The World Cup doesn’t start until Sunday in Qatar and already is shrouded in controversy, the latest example being an unfounded rumor on social media of match fixing involving the host country.
Between alleged human rights violations, no beer being served at the stadiums and paid actors posing as fans of the 32 teams in an effort to manufacture excitement, this edition of the tournament is off to a rocky start.
And with several other factors conspiring against the timing of the monthlong event, it’s unclear how much appetite bettors will have for the World Cup during a busy time in the sports calendar.
“I think it’s inevitable that it will be less handle just because of the concentration of the dollars that people are looking to spend at this time of year,” said Jeff Sherman, vice president of risk management at Westgate SuperBook. “It’s during a holiday season, even if you look outside of sports betting. But it’s also going up against NFL, NBA, NHL. Usually it’s not up against all these things.”
The World Cup traditionally is held in the summer when there is a break in the schedule for most of the world’s top professional leagues. To avoid the extreme summer heat in Qatar, the event was moved to the fall for the first time.
That puts it in competition with pro sports in the U.S., along with college football and college basketball.
However, all the games are scheduled to start in the morning in Las Vegas — some as early as 2 a.m. — which makes for a full day of betting.
The United States also qualified this time after missing out in 2018, and that should generate extra interest. The Americans open Monday against Wales, but the most anticipated match of group play is Friday against England.
Sportsbooks expect a sizable handle, and Sherman said the SuperBook will show the U.S.-England match with sound over the day’s college football games.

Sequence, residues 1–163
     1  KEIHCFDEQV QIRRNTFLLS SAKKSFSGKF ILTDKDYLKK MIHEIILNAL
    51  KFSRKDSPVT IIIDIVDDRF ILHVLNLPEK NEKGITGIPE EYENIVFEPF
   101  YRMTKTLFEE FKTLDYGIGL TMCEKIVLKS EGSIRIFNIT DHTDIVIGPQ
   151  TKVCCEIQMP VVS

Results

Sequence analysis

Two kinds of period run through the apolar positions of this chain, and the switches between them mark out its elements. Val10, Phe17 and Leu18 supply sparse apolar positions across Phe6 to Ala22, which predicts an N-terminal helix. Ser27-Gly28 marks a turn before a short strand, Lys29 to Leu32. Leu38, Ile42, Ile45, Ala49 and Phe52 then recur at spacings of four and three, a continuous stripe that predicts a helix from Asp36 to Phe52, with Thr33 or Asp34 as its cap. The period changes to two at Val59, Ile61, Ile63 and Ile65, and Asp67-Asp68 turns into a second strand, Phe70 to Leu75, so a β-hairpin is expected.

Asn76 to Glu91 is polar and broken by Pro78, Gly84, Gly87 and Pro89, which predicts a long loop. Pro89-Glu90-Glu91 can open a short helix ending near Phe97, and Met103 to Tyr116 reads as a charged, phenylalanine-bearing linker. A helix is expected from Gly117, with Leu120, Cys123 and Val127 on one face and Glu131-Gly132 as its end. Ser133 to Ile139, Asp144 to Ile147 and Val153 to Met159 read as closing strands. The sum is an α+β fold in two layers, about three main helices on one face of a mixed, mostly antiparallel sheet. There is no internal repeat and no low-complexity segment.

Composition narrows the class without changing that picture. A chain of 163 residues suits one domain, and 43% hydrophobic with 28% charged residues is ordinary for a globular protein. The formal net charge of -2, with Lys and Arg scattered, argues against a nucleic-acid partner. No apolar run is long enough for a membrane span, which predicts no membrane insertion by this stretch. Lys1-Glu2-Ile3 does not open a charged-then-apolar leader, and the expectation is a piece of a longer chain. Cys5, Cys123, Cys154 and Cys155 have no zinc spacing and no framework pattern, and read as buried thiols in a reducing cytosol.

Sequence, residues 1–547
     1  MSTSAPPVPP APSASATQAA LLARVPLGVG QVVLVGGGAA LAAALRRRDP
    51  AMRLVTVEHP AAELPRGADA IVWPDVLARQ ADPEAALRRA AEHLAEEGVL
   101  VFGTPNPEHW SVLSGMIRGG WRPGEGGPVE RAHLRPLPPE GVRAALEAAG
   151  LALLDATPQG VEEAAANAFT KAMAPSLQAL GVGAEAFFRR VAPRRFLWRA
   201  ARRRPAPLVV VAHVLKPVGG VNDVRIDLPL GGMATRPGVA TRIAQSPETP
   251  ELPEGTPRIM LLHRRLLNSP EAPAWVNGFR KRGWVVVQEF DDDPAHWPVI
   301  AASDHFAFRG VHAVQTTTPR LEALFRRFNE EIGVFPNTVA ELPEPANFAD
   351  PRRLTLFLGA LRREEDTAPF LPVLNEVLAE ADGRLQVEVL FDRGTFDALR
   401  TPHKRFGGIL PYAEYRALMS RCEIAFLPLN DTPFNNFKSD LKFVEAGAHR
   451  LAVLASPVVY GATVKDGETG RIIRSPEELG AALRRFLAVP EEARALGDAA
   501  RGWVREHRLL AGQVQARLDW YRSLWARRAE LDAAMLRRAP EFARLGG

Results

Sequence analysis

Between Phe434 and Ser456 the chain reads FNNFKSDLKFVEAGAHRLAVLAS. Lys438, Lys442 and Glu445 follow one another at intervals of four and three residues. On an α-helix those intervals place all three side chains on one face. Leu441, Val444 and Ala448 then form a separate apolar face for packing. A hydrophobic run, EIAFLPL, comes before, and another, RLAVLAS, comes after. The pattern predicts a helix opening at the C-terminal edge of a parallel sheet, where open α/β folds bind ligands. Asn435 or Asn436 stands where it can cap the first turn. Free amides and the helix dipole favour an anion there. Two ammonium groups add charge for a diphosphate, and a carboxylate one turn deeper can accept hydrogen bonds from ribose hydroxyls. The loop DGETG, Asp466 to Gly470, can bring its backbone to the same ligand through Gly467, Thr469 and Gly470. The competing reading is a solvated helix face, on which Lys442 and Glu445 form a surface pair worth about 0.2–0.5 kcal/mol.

“I really think World Cup is such an international spectacle, and it’s always been a huge betting event, and we’re such an international city, that regardless of when it is, I still expect you’re going to have terrific crowds and tremendous handle and electricity in all of our books,” Red Rock Resort sportsbook director Chuck Esposito said.
“It is a little bit different time of year, but I still think it’s going to be a huge event for our industry.”
With no team holding a home-field advantage, Brazil is the consensus favorite to win the World Cup and is +325 at the Westgate SuperBook.
Argentina, led by superstar Lionel Messi, is the second choice at +450, followed by a handful of European powers, including defending champion France at 8-1. One team Sherman thinks can surprise is Denmark at 25-1.
The U.S. is 100-1 to win the title at the Westgate, and Mexico is 150-1.
“We want America to advance as far as possible, but we don’t want them to win the World Cup, unfortunately, because they’re our biggest loser in the book,” said Craig Mucklow, vice president of trading for Caesars Sportsbook.
The U.S. also represents one of the largest futures liabilities at the SuperBook, Sherman said.
Argentina and the U.S. have seen the most tickets written at Station Casinos, followed by England, Brazil and Germany, Esposito said.
There are several props on the U.S., the most popular being to advance out of the group stage or win the group. The SuperBook posted the Americans’ group stage points with the total at 3½ (over -135).
Esposito said Station will post props on every match during the tournament and will have in-play wagering available on the mobile app.
“You’ll have some good-sized decision on it, no question at all,” Esposito said. “The early handle is tremendous on it. I can tell already there’s that added buzz and hype.”
World Cup odds
At Westgate SuperBook
South Korea 200-1
Costa Rica 1,000-1
Saudi Arabia 1,000-1